In defense of the slaughterhouse
I respectfully disagree with two recent letters criticizing the proposed slaughterhouse in Liberty. While you have indeed painted an accurate picture of the realities of corporate agriculture today, and the vegan lifestyle is inarguably better for one’s health (assuming you eat organic), I take a different approach.
The argument that raising animals for food is amoral will never be successful. It is as natural for humans as for any carnivore to eat meat. What we can aspire to change is the method, which under corporate management has become one of our greatest environmental, health and moral failures. In pursuit of profits we have created monocultures of “Franken” farm animals, designed to live fast and die young under abhorrent conditions requiring copious quantities of antibiotics, fast tracking the evolution of zoonotic pathogens which threaten not only human health, but could very well lead to the extinction of our food animals. Therefore, the future of livestock and poultry survival lies with small farmers raising genetically diverse heritage breeds for increasingly food-savvy consumers. Given this reality, wouldn’t efforts to support smaller local farms be more effective in the cause for animal welfare than simply refusing to participate?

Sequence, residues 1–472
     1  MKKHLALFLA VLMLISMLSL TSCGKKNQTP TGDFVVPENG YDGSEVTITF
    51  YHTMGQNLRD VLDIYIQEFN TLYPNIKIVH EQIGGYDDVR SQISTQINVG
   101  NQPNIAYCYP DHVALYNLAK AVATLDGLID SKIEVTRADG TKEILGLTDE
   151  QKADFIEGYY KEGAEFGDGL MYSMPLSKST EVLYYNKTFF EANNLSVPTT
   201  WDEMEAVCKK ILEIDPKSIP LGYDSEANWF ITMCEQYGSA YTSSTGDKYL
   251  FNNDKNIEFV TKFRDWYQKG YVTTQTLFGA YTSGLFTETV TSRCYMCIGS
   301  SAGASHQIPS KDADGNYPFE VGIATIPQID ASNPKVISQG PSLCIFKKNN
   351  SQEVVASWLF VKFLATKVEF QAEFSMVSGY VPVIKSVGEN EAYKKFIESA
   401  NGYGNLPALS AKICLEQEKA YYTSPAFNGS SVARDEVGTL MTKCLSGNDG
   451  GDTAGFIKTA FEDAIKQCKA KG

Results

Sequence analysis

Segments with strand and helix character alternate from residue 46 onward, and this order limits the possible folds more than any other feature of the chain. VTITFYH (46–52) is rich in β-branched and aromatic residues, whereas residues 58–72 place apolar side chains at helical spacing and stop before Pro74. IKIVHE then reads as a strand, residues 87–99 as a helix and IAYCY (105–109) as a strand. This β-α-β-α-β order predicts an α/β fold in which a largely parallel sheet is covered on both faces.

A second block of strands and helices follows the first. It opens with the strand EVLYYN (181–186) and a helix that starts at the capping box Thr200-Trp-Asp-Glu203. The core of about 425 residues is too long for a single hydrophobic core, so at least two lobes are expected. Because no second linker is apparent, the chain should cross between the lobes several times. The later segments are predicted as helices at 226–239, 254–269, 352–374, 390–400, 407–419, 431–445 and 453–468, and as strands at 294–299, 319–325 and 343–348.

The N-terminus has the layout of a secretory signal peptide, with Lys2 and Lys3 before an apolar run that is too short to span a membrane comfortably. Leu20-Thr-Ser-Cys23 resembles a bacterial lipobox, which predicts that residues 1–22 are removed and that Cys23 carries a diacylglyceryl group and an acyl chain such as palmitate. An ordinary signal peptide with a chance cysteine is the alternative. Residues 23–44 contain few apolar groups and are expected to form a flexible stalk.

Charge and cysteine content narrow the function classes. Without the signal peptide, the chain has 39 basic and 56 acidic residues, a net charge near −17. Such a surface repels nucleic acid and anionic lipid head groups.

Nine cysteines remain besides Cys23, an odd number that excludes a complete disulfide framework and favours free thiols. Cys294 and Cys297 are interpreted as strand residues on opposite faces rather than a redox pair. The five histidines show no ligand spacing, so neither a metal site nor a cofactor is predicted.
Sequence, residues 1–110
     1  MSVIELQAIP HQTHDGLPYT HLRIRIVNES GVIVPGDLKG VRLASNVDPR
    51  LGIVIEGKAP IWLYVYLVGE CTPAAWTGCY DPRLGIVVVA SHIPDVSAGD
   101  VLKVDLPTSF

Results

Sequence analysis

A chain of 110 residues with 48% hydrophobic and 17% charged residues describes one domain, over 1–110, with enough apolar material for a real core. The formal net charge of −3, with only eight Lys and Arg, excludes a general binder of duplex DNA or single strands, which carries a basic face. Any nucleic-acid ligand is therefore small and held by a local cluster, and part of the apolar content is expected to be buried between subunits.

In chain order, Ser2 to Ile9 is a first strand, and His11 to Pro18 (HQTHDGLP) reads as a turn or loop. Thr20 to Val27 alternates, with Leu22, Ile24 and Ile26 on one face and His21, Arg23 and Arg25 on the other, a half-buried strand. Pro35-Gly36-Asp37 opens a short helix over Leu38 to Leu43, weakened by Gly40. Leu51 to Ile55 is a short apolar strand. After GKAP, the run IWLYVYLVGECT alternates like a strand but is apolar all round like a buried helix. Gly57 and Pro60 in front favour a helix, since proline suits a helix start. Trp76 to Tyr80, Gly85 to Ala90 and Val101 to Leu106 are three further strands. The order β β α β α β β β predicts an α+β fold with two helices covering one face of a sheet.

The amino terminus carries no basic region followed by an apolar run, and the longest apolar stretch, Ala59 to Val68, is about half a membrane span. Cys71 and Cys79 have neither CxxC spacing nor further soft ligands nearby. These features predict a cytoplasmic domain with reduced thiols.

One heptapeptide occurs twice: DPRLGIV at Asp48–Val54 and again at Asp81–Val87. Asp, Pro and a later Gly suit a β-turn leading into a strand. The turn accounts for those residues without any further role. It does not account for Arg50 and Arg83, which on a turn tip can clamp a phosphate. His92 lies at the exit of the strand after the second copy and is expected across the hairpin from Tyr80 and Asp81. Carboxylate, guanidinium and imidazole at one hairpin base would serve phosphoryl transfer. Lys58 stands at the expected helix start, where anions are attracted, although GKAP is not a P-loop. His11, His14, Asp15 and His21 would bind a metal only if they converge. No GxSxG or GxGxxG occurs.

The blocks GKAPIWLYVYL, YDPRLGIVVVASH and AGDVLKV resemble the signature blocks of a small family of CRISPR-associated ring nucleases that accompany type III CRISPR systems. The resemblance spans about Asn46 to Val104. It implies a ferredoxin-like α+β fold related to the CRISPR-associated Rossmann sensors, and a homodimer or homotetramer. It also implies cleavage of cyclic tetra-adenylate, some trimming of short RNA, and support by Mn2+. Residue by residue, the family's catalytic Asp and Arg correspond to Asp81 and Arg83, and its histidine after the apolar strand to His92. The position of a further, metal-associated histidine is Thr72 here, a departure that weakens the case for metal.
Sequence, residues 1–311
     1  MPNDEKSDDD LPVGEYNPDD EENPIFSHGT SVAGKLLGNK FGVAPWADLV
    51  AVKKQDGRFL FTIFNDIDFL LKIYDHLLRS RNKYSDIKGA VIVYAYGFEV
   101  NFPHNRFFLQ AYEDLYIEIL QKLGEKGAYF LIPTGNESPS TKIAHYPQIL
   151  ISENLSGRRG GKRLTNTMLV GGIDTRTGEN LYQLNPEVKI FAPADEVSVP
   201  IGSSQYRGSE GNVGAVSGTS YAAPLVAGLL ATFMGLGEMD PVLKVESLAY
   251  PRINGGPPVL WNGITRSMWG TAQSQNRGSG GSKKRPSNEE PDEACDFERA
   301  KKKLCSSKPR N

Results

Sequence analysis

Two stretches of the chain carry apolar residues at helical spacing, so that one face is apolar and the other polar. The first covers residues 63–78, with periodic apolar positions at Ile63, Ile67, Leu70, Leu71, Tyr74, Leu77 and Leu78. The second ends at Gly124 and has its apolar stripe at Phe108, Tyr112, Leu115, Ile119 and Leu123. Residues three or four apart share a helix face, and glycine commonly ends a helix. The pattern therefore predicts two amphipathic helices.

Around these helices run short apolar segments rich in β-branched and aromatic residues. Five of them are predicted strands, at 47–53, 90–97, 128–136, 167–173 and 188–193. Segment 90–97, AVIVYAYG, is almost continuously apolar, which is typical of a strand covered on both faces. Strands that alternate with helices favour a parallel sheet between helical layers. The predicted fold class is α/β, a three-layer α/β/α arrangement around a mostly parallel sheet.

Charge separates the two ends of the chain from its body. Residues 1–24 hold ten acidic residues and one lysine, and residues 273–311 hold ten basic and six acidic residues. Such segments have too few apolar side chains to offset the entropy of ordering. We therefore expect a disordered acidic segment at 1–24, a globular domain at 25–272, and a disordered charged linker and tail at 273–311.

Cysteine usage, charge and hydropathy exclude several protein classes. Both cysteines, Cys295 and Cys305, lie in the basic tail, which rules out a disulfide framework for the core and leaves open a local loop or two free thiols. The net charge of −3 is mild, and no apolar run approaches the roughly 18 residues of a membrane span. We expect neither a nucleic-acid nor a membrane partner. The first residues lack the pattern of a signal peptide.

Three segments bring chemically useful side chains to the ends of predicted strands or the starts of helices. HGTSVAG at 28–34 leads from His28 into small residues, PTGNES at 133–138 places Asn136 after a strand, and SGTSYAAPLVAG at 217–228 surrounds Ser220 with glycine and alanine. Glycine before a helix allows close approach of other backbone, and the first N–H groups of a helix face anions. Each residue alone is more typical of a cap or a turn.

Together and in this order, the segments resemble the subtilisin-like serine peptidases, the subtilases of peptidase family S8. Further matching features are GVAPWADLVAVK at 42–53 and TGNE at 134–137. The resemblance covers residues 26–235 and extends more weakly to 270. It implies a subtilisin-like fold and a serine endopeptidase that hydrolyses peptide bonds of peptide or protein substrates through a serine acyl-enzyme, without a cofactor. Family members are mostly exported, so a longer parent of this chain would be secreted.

Here’s where a local slaughterhouse comes in. It will save our farmers transportation costs, and make our area more attractive to new farmers. Every animal raised locally, rather than on a factory farm, is a victory for human health and animal welfare. This will now be enhanced by the fact that these animals will no longer face a two-hour-plus trip to their final destination.
Temple Grandin is a genius whose disability gives her unique insight into the minds of animals. Anyone who takes the time to familiarize themselves with her work will quickly reach the same conclusion. It is hard to imagine another person who has done more to increase animal welfare, and we would be wise to incorporate her ideas going forward, for the animals.